If you change it over the weekend, same sort of problem, but worse. Mondays are always worse.

But, most people's going home / pm-rush routines have more slack. or at least it's not going to cost them their job if they're 15 mins late.

I tend to give them some credit for some subtle thinking and working to find the least disruptive time to change.

Its post morning rush because its going to take that damn long for the development team to show up.

What most development teams do on a site turnover is create the new site on a private staging server. When everything's been finalized and approved, they update the DNS records to have the domain name point to the private staging server's IP address. That can take anywhere from a couple of hours to three or four days to propagate. If the CTA is following this -- it's a best practice but not the only way to do it -- once they transfer the domain name to the new IP, you may see it today, you may see it at the end of the week. There are ways to speed that up, including putting redirects on the original site hardwired to the new IP address, but for security reasons many browsers don't follow automatic redirects like that anymore, so that's a bit of a crapshoot.

site is up at 11:13am. The development teams' red line train finally arrived! looks ipod-y

Ok, the new site looks good and easy to use. Is it $150,000 worth of good? well... I guess...

OK, the map section just won me over. A PACE map and night owl map, etc. all in the same place? Good job.

We're in the process of rolling out a new website at work and it cost a lot more than $150,000. If they really did it and only spent that much, good for them.

Actually, using DNS to switch over is not the correct way to do this type of change. I'd hope they are using load balancing directors/frontends. In that case, just update the (private) IPs for the webservers on the directors and you are done. Even keeps peoples sessions on the correct server.

And if you have a multi-day TTL on your DNS records when you have a planned site move, you're not very smart. You can easily have 5 min TTLs and then only have a 5 min cutover. (and, yes, some people's ISPs ignore short TTLs, but that's their problem imho.)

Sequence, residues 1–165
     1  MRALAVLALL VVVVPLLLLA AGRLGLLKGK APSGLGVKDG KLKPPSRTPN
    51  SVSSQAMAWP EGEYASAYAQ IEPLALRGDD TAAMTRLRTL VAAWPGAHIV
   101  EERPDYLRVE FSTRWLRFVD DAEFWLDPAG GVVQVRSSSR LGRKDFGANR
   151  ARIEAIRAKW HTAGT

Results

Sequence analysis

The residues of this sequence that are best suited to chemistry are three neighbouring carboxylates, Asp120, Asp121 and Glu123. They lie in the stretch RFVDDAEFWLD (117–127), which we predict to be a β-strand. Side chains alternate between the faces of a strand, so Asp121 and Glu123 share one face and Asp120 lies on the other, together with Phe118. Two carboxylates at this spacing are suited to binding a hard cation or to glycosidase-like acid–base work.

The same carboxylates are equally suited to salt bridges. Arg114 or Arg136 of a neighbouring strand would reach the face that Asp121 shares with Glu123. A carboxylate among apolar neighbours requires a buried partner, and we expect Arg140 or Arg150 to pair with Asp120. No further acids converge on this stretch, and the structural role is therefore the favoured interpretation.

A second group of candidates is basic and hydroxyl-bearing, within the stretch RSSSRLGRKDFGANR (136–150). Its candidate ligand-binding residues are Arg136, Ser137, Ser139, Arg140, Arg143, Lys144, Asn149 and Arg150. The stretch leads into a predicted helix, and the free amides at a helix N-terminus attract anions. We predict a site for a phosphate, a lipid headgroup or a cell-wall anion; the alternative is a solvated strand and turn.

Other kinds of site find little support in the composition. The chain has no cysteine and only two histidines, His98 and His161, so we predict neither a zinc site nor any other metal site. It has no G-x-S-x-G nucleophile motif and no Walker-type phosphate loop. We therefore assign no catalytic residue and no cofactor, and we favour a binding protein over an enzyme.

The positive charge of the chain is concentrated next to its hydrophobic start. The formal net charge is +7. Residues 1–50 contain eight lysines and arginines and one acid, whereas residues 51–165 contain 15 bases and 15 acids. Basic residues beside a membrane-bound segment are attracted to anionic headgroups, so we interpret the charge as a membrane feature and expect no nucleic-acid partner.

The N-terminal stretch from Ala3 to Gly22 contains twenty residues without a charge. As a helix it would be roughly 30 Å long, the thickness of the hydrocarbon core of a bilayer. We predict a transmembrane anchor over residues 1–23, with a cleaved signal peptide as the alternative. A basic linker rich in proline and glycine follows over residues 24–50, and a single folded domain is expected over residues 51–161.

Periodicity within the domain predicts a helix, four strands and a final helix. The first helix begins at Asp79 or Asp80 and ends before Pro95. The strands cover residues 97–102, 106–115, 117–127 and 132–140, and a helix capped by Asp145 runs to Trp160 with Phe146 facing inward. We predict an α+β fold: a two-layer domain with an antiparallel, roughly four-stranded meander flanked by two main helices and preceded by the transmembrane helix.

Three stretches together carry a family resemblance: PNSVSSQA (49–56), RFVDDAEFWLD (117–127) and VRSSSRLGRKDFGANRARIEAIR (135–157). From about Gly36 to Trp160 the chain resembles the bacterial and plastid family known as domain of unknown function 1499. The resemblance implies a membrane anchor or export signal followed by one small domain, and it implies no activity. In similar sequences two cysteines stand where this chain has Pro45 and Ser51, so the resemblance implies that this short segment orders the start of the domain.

enough geeking, back to transit... :)

some nerdy web programming blog is missing two commentators.

The Quick Links and System Status are great. The icons are much better than tiny text of the old site. I love the Santa Train icon most of all.

The wireless version is very handy, especially the bus schedules, which are broken out by ranges of routes so you don't have to scroll through the whole thing. The the schedules are still in pdf format, which is difficult without a smartphone.

jj's probably right about the reasoning for waiting until after rush hour to launch. I feel shame for my snark, even if I did make myself laugh.

What is the rest of the $2.6Million cost for? They spend money like they actually have some.

"looks ipod-y"

Agreed - looks like the home screen of an iPod Touch, lol

and one BULLSHIT new photo policy

http://www.transitchicago.com/business/photopolicy.aspx

so its ok to bring a point and shoot, but illegal for my SLR? BS CTA

So far I like it. Much cleaner and easy to find things. We'll see if that impression remains as I drill into it.

Nate B,

Can you hold it with your hand? If so, you're free to use your SLR from what I can read.


So far I like the site. Much nicer looking and easy to navigate. I really like the alerts and notices page. It's very easy to see if there will be work impacting your ride.